Christian churches join in Lord’s Prayer

Pope Francis, along with Orthodox, Anglican and Protestant church leaders and Christians throughout the world joined in simultaneous prayer on Wednesday to ask God to stop the coronavirus (COVID-19) pandemic.

The Church of England also asked Anglicans to join Archbishop Justin Welby of Canterbury in praying with Francis, tweeting: “Please join us wherever you are. Prayer unites us in testing times.”

The Rev. Dr. Olav Fykse Tveit, general secretary of the World Council of Churches, encouraged all members to take advantage of the opportunity for a global prayer in the face of a global pandemic.

“As people across the globe are in their scattered working places at home, we will have the opportunity to unite our voices in praying to God with the words that our Lord Jesus Christ taught us,” Tveit said.

“At this challenging time, prayerful activities that unite us are a reminder that we are one human family.”

Francis, who initiated the mass-prayer event, invited all other Christian leaders and each of the world’s 2.3 billion Christians to recite the Lord’s Prayer simultaneously at noon Italian time (midnight NZ time).

“As trusting sons and daughters, we turn to the Lord. We do it every day, several times a day, but at this moment we want to implore mercy for all of humanity so harshly tried by the coronavirus pandemic,” the pope said March 25 as he introduced the prayer.

“We will do so together, Christians of every church and community, of every age, language and nation,” he said.

The prayer (known to many as the Our Father) was being offered for “the sick and their families, health workers and those who assist them, for authorities, police forces and volunteers, for the (religious) ministers of our communities,” Francis explained.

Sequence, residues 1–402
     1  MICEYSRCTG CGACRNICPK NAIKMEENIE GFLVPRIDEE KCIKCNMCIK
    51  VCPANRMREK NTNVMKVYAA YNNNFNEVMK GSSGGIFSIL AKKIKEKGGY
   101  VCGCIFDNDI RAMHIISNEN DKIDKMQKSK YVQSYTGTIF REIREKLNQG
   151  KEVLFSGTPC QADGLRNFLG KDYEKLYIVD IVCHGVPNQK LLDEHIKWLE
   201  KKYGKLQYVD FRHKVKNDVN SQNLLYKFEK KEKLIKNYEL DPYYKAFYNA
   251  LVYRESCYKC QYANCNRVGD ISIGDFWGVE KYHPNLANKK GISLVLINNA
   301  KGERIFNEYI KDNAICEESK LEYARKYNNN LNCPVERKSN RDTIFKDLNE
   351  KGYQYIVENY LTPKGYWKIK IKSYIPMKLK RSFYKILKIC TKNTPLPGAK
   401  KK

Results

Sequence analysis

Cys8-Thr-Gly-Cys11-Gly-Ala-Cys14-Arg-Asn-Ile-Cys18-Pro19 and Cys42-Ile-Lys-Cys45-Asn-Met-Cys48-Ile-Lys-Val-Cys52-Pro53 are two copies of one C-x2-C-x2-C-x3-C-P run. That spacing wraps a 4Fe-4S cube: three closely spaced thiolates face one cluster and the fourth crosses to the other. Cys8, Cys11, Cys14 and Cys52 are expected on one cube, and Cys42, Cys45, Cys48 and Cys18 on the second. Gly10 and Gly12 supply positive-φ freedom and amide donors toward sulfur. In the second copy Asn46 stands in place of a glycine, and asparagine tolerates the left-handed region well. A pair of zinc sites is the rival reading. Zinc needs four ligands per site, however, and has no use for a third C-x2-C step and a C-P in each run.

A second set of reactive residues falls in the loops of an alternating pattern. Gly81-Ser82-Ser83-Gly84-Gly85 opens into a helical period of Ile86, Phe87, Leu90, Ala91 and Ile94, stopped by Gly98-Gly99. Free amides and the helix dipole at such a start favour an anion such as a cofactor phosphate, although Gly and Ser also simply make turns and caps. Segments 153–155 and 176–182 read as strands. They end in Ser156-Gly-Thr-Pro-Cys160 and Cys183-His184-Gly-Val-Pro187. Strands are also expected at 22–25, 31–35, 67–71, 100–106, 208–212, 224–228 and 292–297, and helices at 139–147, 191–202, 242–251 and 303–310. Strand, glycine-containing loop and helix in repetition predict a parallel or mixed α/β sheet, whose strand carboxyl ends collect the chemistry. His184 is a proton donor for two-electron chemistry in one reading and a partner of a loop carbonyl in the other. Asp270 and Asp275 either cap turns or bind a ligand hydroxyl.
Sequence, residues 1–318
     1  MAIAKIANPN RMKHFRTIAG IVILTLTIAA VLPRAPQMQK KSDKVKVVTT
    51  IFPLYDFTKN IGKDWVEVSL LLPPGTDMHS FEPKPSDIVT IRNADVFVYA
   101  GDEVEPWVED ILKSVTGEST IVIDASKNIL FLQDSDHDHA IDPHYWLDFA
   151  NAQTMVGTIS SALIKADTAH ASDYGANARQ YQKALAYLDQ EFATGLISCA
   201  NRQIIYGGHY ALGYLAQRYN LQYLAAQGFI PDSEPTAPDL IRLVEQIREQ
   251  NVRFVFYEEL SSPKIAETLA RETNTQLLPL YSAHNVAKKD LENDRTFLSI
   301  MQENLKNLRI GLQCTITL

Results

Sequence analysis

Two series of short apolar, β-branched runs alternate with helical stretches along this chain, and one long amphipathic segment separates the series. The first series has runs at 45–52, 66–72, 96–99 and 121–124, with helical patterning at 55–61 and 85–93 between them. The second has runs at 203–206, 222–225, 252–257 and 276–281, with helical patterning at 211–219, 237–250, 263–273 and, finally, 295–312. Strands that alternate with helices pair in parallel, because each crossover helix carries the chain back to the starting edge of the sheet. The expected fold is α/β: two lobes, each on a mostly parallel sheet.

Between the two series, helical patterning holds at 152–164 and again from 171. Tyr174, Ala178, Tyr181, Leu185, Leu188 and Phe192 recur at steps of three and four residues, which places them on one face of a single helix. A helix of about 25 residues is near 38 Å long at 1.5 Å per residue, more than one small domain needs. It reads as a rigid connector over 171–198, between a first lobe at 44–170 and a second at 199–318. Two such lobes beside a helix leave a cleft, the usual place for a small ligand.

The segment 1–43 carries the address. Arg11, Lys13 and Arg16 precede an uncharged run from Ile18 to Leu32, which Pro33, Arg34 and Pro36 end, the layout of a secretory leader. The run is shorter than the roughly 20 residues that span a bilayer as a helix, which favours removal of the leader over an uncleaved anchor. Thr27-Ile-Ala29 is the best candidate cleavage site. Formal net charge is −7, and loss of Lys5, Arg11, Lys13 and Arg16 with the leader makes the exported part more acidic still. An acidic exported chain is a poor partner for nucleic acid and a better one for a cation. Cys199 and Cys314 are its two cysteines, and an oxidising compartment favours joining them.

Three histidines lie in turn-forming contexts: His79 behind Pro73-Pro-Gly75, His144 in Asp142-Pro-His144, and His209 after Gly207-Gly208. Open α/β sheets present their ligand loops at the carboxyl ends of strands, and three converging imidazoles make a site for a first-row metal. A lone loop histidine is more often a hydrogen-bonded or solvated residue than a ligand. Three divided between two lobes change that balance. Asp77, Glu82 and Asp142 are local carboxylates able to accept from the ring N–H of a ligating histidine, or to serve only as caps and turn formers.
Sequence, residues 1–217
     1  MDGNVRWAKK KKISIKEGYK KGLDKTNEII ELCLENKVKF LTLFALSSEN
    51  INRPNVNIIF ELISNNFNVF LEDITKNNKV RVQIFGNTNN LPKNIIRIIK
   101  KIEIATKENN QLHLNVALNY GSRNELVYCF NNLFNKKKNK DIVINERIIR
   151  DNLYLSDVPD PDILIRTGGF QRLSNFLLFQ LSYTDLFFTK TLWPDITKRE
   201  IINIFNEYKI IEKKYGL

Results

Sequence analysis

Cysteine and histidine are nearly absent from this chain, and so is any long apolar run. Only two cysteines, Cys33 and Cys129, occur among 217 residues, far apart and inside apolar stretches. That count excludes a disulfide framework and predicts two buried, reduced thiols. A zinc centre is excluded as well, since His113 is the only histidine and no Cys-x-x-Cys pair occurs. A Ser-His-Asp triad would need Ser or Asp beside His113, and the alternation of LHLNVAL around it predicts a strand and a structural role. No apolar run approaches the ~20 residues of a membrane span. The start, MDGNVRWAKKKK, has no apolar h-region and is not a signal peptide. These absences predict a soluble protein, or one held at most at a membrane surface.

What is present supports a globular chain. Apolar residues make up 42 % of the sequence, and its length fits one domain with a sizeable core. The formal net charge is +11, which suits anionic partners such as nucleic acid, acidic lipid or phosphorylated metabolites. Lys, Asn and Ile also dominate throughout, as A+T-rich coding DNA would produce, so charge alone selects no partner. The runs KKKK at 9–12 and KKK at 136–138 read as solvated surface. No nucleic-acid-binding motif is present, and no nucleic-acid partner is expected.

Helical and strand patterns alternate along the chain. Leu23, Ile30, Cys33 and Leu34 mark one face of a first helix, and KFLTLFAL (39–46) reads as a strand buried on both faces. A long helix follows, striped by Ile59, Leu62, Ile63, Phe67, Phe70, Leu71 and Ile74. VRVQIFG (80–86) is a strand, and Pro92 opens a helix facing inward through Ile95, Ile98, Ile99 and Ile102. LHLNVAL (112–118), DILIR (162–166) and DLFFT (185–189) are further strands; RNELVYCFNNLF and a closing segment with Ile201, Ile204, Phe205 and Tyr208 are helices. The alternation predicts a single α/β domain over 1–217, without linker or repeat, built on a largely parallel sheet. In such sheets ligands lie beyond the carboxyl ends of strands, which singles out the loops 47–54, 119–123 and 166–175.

Noting the prayer was being offered on the feast of the Annunciation, when the angel told Mary she would bear God’s son, Francis said that “with full confidence we, too, place ourselves in God’s hands, and with one heart and soul, we pray.”

Francis prayed from inside the Vatican, where he has been isolated for the past few weeks.

This Friday, Francis will deliver an extraordinary “Urbi et Orbi” (to the city and the world) blessing – normally given only at Christmas and Easter.

Catholics who receive the blessing, either in person or via the media, can, under certain conditions, receive a special indulgence. An indulgence is remission of punishment for sins.

While not praying with the Christians, rabbis around the world called on Jews to observe a half-day fast March 25.

Israel’s Chief Rabbi David Lau also asked that during the traditional afternoon prayers, called the “Mincha,” people add the “Selichot” prayers, which are prayers for forgiveness.

In addition, the Jerusalem-based Interfaith Encounter Association, which brings together Israelis and Palestinians of different faiths, announced an “Interfaith Prayer for Humanity’s Health” the same afternoon.


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